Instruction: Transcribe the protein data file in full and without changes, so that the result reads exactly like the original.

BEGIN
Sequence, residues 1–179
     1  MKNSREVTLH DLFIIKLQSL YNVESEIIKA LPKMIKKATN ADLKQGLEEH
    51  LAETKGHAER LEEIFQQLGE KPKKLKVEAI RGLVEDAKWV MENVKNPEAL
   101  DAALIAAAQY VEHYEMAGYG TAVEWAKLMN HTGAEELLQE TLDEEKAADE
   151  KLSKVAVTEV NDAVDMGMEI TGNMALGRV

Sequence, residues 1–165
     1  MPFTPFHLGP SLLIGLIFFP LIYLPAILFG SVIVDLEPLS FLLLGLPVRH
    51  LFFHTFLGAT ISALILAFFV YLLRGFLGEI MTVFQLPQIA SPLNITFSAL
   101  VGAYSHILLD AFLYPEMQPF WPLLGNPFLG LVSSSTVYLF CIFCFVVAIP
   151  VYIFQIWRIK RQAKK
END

Sequence, residues 1–179
     1  MKNSREVTLH DLFIIKLQSL YNVESEIIKA LPKMIKKATN ADLKQGLEEH
    51  LAETKGHAER LEEIFQQLGE KPKKLKVEAI RGLVEDAKWV MENVKNPEAL
   101  DAALIAAAQY VEHYEMAGYG TAVEWAKLMN HTGAEELLQE TLDEEKAADE
   151  KLSKVAVTEV NDAVDMGMEI TGNMALGRV

Sequence, residues 1–165
     1  MPFTPFHLGP SLLIGLIFFP LIYLPAILFG SVIVDLEPLS FLLLGLPVRH
    51  LFFHTFLGAT ISALILAFFV YLLRGFLGEI MTVFQLPQIA SPLNITFSAL
   101  VGAYSHILLD AFLYPEMQPF WPLLGNPFLG LVSSSTVYLF CIFCFVVAIP
   151  VYIFQIWRIK RQAKK